What the Funk is this?
Ask yourself: How do you feel about Greek mythology? What about old-school jukeboxes? Ever go to a place with a jukebox and fill the playlist with all kinds of funk and boogie down? Well, if you answered yes to at least two of these questions, there’s an arcade title here that you might want to check out… maybe.
Okay, even that's a stretch. Unfortunately after giving Funk of Titans a chance, you’ll likely question whether was it truly worth it. It's difficult to describe F.O.T. in one word, but if I were made to, it would have to be "confused." It confuses itself, really. With so many themes to the story, there is no telling what the focal point is. One thing is certain, though; the game's wild blend of characteristics is sure to at least grab someone’s attention. Yet, how far will the attention span go?
Upon entering the main menu, you are given the option to choose from three separate worlds: the pop, rap, and rock worlds. The further you advance, different worlds become available. Starting with the pop world (cue N'Sync song now), protagonist Perseus who I’ll just call Bruce LeeRoy—a gentlemen with a certain mix of samurai, ninja, gladiator warrior, and your uncle Malcom who was on the soul train back in the '70s—is greeted by his father Zeus, who certainly must be a reincarnation of Morpheus as a Greek god. Zeus then goes on to explain how the titans of pop, rap, rock need to be taken down.
However, for a game that is centered around “funk” or music in general, the soundtrack is surprisingly poor and lacks creativity. From level to level, the tunes change very little and do not correspond with their respective world theme. Boss levels are about as close as you shall get to sounds that are closely accurate to their genres. It’s partially fun facing foes like a Lady Gaga lookalike, one of the “villains” you meet a pop world battle. But the fact that these battles involve fairly easy quick-time events leaves much to be desired.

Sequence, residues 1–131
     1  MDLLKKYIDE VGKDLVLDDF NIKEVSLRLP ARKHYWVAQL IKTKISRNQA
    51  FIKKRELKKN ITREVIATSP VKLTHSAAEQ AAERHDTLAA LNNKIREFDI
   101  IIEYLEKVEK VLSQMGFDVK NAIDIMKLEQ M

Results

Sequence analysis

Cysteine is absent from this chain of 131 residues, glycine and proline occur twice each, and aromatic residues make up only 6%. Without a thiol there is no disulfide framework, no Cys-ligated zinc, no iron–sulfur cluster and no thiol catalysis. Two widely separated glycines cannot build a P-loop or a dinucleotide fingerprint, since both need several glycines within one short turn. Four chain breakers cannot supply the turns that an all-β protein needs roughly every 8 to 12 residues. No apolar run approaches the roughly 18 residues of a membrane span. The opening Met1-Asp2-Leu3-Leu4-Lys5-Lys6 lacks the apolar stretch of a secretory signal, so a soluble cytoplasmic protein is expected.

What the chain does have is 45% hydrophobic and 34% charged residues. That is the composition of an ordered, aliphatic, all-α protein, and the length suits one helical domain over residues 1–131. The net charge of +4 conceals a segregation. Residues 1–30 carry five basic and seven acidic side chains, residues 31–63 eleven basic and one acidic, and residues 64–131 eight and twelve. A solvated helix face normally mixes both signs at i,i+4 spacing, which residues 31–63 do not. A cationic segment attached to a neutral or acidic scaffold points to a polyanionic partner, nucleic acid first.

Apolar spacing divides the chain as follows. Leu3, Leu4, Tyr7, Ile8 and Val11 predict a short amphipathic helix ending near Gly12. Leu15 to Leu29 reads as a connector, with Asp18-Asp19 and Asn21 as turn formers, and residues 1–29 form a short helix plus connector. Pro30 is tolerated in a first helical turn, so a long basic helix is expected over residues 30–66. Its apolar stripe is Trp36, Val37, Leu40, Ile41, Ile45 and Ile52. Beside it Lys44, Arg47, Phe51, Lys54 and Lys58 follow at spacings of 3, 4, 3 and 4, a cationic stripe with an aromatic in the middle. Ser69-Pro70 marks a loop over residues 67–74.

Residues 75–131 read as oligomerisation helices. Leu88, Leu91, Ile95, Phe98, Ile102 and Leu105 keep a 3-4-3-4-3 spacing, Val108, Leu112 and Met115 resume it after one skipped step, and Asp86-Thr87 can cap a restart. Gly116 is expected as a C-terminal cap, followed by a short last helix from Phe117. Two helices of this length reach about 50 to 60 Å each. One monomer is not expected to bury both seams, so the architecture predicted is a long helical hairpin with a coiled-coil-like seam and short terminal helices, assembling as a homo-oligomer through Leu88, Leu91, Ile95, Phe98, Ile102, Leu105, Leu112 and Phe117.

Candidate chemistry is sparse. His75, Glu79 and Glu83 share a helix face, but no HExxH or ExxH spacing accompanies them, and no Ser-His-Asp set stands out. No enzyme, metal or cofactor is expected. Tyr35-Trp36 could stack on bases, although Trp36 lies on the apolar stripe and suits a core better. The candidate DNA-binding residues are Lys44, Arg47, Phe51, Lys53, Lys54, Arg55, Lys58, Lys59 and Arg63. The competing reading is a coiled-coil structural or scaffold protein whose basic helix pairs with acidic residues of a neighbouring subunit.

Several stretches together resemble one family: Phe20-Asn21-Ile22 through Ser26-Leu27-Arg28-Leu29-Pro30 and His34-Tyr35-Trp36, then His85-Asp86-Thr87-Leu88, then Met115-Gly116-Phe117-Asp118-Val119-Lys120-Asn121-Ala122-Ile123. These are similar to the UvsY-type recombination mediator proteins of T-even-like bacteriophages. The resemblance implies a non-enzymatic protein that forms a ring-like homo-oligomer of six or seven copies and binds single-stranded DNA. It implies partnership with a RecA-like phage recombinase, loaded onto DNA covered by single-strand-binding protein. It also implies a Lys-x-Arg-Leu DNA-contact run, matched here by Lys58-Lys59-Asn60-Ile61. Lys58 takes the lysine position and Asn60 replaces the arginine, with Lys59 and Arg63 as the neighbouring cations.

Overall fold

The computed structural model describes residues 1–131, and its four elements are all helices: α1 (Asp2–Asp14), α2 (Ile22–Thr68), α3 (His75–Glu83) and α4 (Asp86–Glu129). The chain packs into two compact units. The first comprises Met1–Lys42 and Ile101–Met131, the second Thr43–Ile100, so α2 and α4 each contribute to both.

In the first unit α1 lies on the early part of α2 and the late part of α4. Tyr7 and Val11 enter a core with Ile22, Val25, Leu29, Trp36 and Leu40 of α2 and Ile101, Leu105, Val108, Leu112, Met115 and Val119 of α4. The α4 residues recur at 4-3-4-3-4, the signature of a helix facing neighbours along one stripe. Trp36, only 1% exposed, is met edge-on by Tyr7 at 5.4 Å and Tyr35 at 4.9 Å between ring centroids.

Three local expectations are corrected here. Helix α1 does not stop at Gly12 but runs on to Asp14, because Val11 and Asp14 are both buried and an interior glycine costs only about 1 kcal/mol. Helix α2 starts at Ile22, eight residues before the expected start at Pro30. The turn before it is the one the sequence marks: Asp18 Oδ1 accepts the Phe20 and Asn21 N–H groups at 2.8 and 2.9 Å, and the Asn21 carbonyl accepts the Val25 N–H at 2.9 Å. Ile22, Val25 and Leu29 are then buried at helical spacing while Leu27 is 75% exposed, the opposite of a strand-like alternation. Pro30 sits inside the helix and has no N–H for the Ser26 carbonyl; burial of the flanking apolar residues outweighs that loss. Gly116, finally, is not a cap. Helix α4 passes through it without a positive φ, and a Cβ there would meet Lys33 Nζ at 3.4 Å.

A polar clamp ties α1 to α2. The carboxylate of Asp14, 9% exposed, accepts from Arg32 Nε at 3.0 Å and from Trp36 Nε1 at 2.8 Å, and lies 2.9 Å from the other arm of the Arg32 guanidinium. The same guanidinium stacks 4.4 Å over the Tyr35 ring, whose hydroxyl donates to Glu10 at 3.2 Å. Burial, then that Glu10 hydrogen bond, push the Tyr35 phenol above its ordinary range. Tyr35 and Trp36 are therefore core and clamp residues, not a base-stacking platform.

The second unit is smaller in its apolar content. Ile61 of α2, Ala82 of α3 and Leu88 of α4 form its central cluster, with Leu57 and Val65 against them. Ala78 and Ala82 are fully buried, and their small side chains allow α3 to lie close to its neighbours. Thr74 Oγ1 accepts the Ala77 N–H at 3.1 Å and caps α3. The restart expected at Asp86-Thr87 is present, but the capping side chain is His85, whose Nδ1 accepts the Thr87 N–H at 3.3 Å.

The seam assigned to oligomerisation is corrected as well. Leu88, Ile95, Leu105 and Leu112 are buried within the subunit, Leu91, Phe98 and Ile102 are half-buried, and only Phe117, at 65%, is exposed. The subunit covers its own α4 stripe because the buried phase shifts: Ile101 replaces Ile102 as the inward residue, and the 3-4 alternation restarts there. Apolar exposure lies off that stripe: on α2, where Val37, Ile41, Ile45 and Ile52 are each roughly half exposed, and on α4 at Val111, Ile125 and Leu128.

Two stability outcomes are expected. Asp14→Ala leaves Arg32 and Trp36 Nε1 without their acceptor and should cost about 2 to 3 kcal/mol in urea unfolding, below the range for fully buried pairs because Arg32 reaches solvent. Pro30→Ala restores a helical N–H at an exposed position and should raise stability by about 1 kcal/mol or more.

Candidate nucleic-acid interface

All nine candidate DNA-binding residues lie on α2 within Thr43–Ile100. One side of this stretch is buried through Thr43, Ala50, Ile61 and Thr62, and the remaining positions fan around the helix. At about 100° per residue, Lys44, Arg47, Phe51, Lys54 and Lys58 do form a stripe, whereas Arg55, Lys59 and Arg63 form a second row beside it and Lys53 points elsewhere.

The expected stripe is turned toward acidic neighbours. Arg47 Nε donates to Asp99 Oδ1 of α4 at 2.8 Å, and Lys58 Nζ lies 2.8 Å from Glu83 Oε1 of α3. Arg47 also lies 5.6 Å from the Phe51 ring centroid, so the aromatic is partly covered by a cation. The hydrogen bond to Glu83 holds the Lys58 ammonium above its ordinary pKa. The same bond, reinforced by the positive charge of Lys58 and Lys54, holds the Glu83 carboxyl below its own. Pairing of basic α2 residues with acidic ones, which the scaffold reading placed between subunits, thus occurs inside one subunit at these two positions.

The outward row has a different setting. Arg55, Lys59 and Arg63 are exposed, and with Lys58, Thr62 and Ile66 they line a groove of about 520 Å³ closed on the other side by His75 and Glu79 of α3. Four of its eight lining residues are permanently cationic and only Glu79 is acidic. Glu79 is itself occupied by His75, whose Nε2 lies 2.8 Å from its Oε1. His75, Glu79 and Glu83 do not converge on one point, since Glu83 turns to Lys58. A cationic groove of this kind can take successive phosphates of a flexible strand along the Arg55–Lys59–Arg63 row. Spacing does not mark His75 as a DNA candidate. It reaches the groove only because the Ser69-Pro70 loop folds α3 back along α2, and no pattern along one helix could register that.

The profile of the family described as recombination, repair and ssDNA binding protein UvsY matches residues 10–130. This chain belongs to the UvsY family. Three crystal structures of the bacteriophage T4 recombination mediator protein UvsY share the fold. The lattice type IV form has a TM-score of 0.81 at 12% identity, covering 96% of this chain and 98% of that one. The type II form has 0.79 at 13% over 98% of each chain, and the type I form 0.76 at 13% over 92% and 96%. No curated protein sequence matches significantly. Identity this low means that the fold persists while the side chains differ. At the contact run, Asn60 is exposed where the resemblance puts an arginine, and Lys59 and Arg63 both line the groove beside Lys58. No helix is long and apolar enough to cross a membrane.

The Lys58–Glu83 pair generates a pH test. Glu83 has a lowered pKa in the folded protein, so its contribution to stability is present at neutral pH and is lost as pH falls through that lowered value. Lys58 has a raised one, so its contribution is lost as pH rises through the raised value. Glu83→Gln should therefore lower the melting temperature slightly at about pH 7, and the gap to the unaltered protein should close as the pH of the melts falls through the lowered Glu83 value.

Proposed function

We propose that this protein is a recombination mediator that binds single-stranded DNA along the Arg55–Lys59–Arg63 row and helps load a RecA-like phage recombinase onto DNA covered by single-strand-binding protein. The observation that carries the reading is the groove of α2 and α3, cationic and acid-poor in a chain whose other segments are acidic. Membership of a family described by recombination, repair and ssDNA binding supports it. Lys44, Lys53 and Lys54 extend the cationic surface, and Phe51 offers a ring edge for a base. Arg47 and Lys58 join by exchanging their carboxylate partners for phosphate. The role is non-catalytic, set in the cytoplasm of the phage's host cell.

Much of gameplay is meant to be hidden behind the collage of ideas, but sadly these worlds of wonky visual aesthetics can’t mask the lack of focus, which leaves proper gameplay needs on the table. Sometimes simplicity works out for the better, hoping that less is more but in this case less is, well, less.
As players maneuver through each stage, jumping (A) and attacking (X) will be the only buttons needed. Everything else is about timing, which is learned and mastered fairly quickly. With a small handful of different types of opponents and obstacles, completing levels with perfect form can be achieved with small amounts of effort.
Curiously, this is a title that puts focus on theme, music, and simple gameplay, but this doesn't come through in any of these areas, so what else is left here? Gimmicks? Features? Funk of Titans uses a player leveling system by completing Zeus’ heroic missions. Advancing and discovering unlockables are about as new as it gets from stage to stage. Beyond the goofy animations, over-the-top weapons and costumes, progression peaks and teeters off steeply.
From beginning to end, you will receive the same game. With very little changing interests can fade in an instant. Once again, the most disappointing aspect has to be the music selection which continues to raise an eyebrow or two. Funk of Titans is just "funky," and not in a good way.
Few levels provide much of a challenge, so breezing through the entirety of the game in a short period of time is more than likely, though for sub-15-buck price, it’s not much of a lost and can be worth it if you’re looking for a quick downloadable fix. But surely this blended concoction has sorely missed the bull's-eye of arcade perfection.